If element 1530 is TRUE, then access to R is granted to P1. If element 1530 is FALSE, then access to R is denied to P1. Element 1530 is TRUE if both elements 1526 and 1528 are FALSE.

Element 1528 generates a FALSE signal if either element 1512 or 1514 generates a FALSE signal. Thus, for example, element 1512 generates a FALSE signal if P1 does not request a resource that P2 has locked. Also, if element 1512 generates a TRUE signal instead (because P1 requests a resource that P2 has locked), then element 1514 must generate a FALSE signal. This occurs if P2 releases its currently locked identifier.

Since element 1510 generates a TRUE signal if P1 has requested the same resource as P2, element 1526 generates a FALSE signal under the following circumstances. P1 and P2 have not been waiting the same amount of time, causing element 1518 to generate a FALSE signal, and therefore, causing element 1520 to generate a FALSE signal. Since P2 has not been waiting longer than P1, element 1522 generates a FALSE signal. Consequently, element 1524 generates a FALSE signal, and element 1526 generates a FALSE signal. As a result, element 1530 generates a TRUE signal, and P1 is granted access to R.

    • P1 requests the same resource as P2, P1 is not requesting a resource that P2 as locked, (or if P1 has requested a resource that P2 has locked, then P2 has released that lock), P1 has waited for the resource equally as long as P2, and P1's global priority is greater than P2's global priority. This is represented by the circuitry of FIG. 15 as follows:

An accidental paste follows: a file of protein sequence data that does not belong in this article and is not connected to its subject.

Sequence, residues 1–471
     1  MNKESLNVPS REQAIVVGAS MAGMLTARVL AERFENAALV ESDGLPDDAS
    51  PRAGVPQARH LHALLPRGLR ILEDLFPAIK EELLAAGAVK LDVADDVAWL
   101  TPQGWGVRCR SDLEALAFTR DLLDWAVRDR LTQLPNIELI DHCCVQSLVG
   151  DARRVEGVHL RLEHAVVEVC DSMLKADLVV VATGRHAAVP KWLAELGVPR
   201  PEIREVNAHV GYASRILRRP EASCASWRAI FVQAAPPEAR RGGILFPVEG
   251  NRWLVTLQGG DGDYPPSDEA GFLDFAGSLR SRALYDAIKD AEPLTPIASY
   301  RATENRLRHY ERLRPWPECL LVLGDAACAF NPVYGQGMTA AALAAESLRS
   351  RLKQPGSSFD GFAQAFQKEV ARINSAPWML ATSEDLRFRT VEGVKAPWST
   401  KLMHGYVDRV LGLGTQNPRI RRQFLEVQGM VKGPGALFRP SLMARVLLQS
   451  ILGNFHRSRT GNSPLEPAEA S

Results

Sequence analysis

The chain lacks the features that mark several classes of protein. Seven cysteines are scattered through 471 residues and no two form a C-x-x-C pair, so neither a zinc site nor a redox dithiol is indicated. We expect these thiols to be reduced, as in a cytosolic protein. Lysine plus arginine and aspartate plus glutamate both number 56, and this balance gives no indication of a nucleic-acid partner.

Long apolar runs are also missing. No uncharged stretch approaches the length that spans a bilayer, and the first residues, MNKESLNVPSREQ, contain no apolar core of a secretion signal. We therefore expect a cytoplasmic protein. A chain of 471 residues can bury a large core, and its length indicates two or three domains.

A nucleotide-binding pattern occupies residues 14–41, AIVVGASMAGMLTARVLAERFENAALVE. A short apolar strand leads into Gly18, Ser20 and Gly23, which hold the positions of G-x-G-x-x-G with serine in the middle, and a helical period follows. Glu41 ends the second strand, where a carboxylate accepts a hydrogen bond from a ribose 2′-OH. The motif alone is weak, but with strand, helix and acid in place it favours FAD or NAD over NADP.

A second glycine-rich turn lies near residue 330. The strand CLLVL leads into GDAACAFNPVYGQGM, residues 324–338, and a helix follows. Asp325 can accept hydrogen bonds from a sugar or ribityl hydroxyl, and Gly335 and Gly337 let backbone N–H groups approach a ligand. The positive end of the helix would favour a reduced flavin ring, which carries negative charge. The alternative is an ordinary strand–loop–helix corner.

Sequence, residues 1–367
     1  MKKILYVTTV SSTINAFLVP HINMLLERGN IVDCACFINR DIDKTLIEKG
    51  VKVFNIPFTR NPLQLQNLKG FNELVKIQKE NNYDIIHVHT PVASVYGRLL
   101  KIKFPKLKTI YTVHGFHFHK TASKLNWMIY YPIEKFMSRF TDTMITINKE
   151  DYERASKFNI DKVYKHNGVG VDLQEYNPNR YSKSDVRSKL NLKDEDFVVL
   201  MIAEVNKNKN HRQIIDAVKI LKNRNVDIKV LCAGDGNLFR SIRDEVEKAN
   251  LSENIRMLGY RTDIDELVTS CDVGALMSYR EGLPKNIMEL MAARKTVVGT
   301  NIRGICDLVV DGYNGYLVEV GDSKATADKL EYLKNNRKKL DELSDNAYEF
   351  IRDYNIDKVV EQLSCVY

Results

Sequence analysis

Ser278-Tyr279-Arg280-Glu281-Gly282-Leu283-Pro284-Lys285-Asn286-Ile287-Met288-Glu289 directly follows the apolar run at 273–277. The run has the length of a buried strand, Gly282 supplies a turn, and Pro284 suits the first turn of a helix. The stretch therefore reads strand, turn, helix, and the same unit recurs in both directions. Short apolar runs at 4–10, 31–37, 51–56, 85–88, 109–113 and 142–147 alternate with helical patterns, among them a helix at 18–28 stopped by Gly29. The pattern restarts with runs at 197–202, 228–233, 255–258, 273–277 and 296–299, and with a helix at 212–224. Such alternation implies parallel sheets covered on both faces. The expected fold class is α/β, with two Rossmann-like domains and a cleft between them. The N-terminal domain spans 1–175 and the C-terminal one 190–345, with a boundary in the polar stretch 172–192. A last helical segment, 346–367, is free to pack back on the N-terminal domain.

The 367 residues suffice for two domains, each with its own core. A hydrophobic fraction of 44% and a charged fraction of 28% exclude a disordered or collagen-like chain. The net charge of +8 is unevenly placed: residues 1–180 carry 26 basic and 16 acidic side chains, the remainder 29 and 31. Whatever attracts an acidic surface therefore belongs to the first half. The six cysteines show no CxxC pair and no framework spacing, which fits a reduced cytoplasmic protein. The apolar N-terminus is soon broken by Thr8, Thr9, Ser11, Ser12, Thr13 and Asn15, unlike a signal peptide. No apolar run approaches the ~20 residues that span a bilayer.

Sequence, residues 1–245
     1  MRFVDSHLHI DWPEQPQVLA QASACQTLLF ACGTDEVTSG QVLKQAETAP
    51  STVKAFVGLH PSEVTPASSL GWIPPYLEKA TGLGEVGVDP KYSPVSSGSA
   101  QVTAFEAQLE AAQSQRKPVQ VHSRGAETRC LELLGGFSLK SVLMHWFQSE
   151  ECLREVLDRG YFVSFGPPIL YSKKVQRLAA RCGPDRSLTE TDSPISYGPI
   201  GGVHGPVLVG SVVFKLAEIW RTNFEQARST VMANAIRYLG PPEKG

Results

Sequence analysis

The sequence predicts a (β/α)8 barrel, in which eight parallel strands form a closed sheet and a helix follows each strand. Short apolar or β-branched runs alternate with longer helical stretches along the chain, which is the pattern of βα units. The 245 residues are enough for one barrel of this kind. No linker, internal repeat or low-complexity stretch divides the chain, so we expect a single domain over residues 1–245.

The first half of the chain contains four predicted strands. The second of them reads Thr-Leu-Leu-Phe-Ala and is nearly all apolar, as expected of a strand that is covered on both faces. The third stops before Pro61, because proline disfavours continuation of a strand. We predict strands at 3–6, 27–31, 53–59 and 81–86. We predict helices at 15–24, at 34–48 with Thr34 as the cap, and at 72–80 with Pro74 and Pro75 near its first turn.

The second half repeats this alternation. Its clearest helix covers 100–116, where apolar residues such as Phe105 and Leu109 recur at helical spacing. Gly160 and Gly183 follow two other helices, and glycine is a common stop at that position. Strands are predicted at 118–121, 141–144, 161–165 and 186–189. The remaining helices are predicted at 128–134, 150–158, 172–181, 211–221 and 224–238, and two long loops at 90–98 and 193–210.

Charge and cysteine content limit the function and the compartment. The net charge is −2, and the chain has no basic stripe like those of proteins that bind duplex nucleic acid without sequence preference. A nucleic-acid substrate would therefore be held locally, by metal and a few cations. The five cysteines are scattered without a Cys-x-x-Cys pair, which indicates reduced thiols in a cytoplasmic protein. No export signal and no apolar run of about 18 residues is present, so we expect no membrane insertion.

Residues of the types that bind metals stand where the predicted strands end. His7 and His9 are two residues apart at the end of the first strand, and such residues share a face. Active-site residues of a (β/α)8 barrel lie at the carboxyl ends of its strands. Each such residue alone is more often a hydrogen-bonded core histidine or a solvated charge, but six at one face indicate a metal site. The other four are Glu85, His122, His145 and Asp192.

If element 1530 is TRUE, then access to R is granted to P1. If element 1530 is FALSE, then access to R is denied to P1. Element 1530 is TRUE if both elements 1526 and 1528 are FALSE.

Element 1528 generates a FALSE signal if either element 1512 or 1514 generates a FALSE signal. Thus, for example, element 1512 generates a FALSE signal if P1 does not request a resource that P2 has locked. Also, if element 1512 generates a TRUE signal instead (because P1 requests a resource that P2 has locked), then element 1514 must generate a FALSE signal. This occurs if P2 releases its currently locked identifier.

Since element 1510 generates a TRUE signal if P1 has requested the same resource as P2, element 1526 generates a FALSE signal only if element 1524 generates a FALSE signal. P1 and P2 have been waiting the same amount of time, causing element 1518 to generate a TRUE signal. Since element 1518 is TRUE, element 1522 is necessarily FALSE. P2 does not have a higher priority than P1 so element 1516 is FALSE causing element 1520 to be FALSE. This causes element 1524 to be FALSE, and, therefore, element 1526. As a result, element 1530 generates a TRUE signal, and P1 is granted access to R.